Stronger Futures or stronger policing
MEDIA RELEASE – 02 March 2012 - IMMEDIATE
from the National Aboriginal and Torres Strait Islander Ecumenical Commission (NATSIEC)
Stronger Futures or Stronger Policing
The Stronger Futures Legislation is disproportionate with the peoples wishes and catapults Indigenous communities back to the micro-management of Mission days is the message from the National Aboriginal and Torres Strait Islander Ecumenical Commission (NATSIEC). NATSIEC, as the peak Indigenous ecumenical body and commission of the National Council of Churches in Australia (NCCA) requests that the Government heed the message of the Northern Territory Elders, communities and service providers in their quest for authentic consultation and negotiation to gain stronger and better futures for themselves.
The crux of this legislation lies in cultural and social reform enforced by punitive measures. This approach reverts back to the paternalistic protectionism from which many Aboriginal families and communities across the country are still recovering. Legislative realignment at the interface of education, economic, social welfare, Indigenous languages, cultures and traditions may satisfy Government directives but not the people concerned or International Human Rights Laws.
Ms Kerry Charlton, the NATSIEC National Director said; “Unfortunately, responding to historical and cultural disadvantage without community ownership will lead to increased rates of Indigenous incarceration, reduced well-being and health status, youth crisis, family stress and suicide rates.”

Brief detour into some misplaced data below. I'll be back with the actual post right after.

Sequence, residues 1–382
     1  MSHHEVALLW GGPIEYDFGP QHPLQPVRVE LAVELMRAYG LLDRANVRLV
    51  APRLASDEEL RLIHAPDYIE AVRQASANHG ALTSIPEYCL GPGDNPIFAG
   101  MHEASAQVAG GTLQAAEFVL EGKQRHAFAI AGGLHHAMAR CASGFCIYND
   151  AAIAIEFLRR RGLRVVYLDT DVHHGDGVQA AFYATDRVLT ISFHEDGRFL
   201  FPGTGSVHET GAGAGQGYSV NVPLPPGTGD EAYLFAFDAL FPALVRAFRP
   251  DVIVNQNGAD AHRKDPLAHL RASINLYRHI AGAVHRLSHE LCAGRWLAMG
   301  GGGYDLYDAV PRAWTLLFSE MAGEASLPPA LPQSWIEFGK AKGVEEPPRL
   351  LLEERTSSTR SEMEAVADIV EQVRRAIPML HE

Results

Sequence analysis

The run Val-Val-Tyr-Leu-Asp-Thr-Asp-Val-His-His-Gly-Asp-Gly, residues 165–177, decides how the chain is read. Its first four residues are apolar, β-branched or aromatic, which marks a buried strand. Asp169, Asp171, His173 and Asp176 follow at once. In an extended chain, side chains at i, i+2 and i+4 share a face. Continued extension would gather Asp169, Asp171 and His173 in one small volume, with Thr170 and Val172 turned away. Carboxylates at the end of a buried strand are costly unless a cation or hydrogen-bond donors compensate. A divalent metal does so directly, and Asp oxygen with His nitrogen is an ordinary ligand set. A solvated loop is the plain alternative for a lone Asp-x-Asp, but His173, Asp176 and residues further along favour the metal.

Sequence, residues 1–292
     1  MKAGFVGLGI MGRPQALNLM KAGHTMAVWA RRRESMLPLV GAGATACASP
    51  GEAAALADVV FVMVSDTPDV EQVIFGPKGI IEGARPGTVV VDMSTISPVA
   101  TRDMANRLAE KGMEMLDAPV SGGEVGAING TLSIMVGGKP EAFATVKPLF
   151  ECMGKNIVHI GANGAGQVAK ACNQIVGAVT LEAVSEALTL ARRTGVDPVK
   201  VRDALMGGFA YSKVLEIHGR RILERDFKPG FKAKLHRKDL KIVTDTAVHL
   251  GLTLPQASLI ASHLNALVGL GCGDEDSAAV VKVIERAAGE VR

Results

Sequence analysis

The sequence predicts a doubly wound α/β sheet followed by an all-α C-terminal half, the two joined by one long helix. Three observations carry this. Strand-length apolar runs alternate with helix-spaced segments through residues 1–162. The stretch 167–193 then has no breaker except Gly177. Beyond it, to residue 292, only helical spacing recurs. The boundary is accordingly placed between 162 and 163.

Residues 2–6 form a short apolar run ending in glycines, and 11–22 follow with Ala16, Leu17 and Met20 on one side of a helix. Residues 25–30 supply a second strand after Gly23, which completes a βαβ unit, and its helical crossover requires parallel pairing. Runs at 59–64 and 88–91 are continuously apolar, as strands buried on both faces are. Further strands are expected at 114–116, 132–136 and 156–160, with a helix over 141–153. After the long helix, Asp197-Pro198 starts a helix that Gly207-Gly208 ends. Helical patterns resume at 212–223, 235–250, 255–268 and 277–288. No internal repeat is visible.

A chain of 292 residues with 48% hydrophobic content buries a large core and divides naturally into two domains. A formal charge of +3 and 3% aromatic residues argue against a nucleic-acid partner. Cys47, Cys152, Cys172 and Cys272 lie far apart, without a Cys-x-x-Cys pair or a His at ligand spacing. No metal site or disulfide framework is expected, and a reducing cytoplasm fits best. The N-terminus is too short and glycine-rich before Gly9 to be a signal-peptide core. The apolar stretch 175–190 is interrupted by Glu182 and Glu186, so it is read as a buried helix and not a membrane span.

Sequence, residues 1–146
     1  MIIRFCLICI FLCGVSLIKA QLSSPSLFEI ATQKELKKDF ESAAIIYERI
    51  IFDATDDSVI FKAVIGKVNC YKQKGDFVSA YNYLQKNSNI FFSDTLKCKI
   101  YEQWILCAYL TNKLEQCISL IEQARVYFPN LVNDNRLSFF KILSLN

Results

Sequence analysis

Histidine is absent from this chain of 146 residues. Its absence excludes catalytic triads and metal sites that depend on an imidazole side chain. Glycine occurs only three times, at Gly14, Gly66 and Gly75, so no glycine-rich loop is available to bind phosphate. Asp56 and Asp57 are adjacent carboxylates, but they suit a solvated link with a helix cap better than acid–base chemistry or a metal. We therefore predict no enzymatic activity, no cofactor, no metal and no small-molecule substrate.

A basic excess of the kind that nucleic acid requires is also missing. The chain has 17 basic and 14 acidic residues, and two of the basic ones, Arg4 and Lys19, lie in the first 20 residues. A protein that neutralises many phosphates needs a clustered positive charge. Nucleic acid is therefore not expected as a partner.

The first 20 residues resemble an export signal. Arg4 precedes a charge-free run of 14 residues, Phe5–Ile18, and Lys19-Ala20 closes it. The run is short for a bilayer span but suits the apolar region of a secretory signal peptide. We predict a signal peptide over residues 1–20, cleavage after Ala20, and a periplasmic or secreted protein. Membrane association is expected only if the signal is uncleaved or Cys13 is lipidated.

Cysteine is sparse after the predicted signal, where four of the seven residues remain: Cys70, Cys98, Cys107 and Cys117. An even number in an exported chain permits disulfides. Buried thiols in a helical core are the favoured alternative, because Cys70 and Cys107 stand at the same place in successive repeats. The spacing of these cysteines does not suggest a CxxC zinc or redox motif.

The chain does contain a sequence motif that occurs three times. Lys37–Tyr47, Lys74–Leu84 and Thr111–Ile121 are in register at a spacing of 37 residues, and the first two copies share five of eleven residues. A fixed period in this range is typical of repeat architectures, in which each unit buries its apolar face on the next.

Bishop Saibo Mabo, the NATSIEC Chairperson in endorsing the NATSIEC position said “we’ve worked the land freely for thousands of years had customary laws and were healthy in our own right. Aboriginal and Torres Strait Islander people have a spirit like the eagle, like the eagle that holds close to his home and wants to protect it. We were blessed by and in our land, a God given gift to us”
Government attention to the needs of the Northern Territory Indigenous communities is a necessary part of it’s duty of care to all Australians. The conversation about Constitutional recognition, protecting and respecting the rights of Aboriginal peoples in all policy decisions and implementation is farcical in the wake of such an aggressively held government process. Social welfare reform requires appropriate processes alongside adequate timeframes. Enforcement without negotiated consent disenfranchises and destabilises.
Aboriginal people have had to be the most adaptable people in the world. Change is a necessary part of life but best when agreed upon. Consultation and negotiation accompanied by relevant research based on Indigenous engagement, models and literature will produce better and more effective outcomes than the consult and dictate approach. All the voices in the targeted areas must be listened to and considered.
For further comment contact Kerry Charlton 0448 046 828